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The first time I laid eyes on Belinda Becker, she was featured in a New York Times write-up titled “A D.J. Could Save Your Life Tonight.” In the photo, you can sense that she’s making magic through music. When I met Belinda at her home in Brooklyn last week, the peacefulness and warmth in her space and the way she carried herself was magnetic. Her apartment was decked out with colorful mementos and sentimental photos of her with her daughter. There were thriving plants soaking sun by a window and DJ setup right above shelves filled with vinyl records. Being in Belinda’s space and presence made me forget that it was a brutal 15 degrees outside. (Not an easy thing to do, especially when wind is so cold that it makes your eyes water and your hands feel like they’re going to fall off.)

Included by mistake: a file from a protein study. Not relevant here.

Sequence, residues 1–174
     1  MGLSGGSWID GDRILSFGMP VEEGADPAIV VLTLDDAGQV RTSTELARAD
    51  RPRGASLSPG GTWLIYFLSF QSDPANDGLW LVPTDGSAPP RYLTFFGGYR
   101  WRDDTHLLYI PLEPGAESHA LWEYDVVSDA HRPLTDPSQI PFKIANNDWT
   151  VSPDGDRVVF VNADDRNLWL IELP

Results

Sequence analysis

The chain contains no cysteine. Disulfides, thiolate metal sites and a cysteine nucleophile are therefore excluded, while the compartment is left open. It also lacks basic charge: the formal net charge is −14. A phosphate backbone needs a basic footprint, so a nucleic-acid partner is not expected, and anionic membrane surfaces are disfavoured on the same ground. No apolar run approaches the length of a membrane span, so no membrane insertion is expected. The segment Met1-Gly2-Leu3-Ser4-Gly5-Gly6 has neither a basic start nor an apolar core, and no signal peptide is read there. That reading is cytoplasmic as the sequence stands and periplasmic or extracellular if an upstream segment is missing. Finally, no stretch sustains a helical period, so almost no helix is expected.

After she brewed mint Moroccan tea for the two us, we sat in her living room to have chat. I couldn’t wait to learn more about Belinda, the 55-year-old DJ, dancer, activist, and single mom. She was born in Jamaica, and when she was 13, her family moved to the Cayman Islands, then to Florida. It was politically tense and violent in Jamaica, she shared.

African American Art, African American Music, Belinda Becker, KOLUMN Magazine, KOLUMN, KINDR'D Magazine, KINDR'D

When 22-year-old Belinda moved to New York City after graduating from college, she saw herself writing for magazines like The Rolling Stone.

“Of course, when I get to New York City, I have meetings with all of these magazines and they tell me, ‘You have no experience,'” she said.

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